Do you want to hear about my first Korean meal?

I got off the bus that brought me from the airport to this city called "Suwon", my new home for the next year, collected my baggage (I have a lot of baggage), and sat on a bench to wait for a Korean woman whom I had seen but once during a skype interview some months previously. She was to collect me and my bags. I was worried that I would not recognise her from my memory of her (I didn't) and I was worried that she wouldn't find me, the only foreigner seated outside of the ticket office.

"I didn't think you'd be this tall", one of the first things out of the mouth of my new colleague - I am about 164cm (or 5.3 ft) - A short car ride later, a flower festooned pen welcome gift and an elevator up to the 1st floor, and I was "home". A tiny flat just a 3 min walk away from my new workplace. I was left to gorge on the sandwiches in the fridge and pass out on the bed with instructions to be at work 2 hours early the next day to meet the boss, my new co-workers and eat lunch together.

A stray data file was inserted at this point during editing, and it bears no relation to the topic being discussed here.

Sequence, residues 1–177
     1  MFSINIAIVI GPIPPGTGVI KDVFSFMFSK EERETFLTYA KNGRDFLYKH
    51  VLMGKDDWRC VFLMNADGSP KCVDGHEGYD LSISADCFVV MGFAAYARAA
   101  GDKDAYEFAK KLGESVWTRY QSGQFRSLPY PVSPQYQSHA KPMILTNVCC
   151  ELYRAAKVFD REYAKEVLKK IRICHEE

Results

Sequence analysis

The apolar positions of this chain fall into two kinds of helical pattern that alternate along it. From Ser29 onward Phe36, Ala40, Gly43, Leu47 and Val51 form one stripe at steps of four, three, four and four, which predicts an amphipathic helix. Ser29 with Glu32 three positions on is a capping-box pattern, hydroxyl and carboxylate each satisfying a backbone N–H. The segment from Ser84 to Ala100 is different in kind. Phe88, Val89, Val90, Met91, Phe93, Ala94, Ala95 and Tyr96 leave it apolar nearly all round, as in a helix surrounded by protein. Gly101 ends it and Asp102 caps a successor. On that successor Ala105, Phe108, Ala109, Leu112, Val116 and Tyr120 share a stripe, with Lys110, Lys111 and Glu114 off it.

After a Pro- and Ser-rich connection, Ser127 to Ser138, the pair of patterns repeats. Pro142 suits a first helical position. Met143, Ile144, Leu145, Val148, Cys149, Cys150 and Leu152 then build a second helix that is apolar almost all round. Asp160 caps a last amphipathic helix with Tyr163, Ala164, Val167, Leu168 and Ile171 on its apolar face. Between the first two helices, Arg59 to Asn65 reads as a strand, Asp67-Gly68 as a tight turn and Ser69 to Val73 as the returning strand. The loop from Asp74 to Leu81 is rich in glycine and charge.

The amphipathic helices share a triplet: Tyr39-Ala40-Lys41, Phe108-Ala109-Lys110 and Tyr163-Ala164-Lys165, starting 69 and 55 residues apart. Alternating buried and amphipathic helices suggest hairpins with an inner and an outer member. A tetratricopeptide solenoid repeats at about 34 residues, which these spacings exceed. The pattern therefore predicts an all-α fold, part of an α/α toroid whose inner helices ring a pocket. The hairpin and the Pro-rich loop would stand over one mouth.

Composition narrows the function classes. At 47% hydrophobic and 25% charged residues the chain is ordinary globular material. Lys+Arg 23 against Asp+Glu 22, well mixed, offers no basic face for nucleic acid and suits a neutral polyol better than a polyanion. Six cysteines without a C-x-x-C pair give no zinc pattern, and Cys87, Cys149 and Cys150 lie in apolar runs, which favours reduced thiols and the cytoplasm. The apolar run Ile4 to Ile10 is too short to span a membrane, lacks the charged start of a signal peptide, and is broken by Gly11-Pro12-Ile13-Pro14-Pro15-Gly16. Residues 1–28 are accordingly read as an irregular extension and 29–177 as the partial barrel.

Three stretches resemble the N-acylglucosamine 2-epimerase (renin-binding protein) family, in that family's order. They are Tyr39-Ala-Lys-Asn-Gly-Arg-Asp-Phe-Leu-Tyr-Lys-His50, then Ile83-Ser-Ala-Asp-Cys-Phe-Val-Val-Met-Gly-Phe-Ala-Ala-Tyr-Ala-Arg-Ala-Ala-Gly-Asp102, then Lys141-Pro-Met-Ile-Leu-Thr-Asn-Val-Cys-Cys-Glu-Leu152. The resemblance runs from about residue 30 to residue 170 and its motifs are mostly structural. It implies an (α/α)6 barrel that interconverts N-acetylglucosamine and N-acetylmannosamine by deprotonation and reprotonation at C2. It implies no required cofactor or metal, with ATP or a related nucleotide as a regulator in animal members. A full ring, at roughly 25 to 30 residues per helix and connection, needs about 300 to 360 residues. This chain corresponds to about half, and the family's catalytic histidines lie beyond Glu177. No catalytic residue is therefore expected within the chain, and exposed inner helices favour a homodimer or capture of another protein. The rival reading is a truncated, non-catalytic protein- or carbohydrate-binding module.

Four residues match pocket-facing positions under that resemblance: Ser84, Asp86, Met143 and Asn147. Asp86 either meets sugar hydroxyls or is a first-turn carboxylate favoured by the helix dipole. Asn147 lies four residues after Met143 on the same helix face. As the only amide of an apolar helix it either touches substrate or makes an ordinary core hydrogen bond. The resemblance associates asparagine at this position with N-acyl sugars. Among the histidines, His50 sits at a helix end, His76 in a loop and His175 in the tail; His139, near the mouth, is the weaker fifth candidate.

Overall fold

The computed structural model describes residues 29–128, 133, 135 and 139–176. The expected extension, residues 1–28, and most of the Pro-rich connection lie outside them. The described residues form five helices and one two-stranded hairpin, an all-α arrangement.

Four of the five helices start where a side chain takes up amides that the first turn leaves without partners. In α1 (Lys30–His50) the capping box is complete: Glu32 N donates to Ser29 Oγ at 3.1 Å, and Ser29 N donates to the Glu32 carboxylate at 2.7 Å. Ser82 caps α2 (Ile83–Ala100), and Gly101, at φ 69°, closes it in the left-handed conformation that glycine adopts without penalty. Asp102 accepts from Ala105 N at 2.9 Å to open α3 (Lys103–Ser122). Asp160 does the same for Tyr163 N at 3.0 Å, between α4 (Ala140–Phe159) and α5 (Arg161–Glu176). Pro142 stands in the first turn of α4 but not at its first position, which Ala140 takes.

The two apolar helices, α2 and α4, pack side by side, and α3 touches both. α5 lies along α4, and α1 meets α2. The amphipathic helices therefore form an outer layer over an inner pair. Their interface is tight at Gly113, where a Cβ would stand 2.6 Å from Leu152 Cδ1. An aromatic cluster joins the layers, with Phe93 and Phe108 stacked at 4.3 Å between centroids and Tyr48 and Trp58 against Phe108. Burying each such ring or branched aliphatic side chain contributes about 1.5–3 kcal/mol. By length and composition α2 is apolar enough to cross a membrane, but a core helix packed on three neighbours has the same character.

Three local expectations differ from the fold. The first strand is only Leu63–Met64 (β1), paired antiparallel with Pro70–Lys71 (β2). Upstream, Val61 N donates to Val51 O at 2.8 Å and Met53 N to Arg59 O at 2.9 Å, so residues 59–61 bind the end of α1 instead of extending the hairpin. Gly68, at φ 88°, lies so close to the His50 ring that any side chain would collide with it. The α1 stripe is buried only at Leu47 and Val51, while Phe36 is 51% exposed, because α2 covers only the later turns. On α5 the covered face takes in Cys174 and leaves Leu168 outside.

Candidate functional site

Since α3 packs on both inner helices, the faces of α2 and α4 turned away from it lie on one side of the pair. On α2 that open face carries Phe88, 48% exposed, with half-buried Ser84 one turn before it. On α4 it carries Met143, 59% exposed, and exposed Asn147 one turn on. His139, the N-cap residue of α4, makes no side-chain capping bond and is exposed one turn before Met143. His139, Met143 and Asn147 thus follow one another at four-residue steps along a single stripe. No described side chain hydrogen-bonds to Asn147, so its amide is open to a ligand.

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Styrofoam boxes, elastic-banded shut, tinfoil peeping out the sides, sat on the table. A black plastic bag, from which appeared chopsticks and oblong tin-foiled packages. Little white tubs with dark liquid, alongside small plastic bags with yellow slices of half moons, were placed at intervals on the table. The smell of something deep fried permeated the room. What was for lunch? I had no expectations, I was ready to be surprised.

Mandu, ordered via the telephone is packaged up in Styrofoam boxes, and is kind of the Korean dim sum or dumpling. Little pouches that are steamed or deep fried, and either stuffed with 'gogi' - pork - or kimchi, (possibly the most important food in the whole of Korea, North and South, since they eat it with almost, practically everything.) Out of the black plastic bag came kimbap, or gimbap, sometimes referred to as Korean 'sushi'. Danmooji, the little half moons of pickled daikon radish, eaten as a side dish is another common staple to Korean meals and inside the little tubs, vinegar and soy sauce mixed together for mandu dipping.

And then the chopsticks, always chopsticks.
Even when it's your birthday and there's cake.
Welcome to Korea, Austen. Here, have a second third helping.

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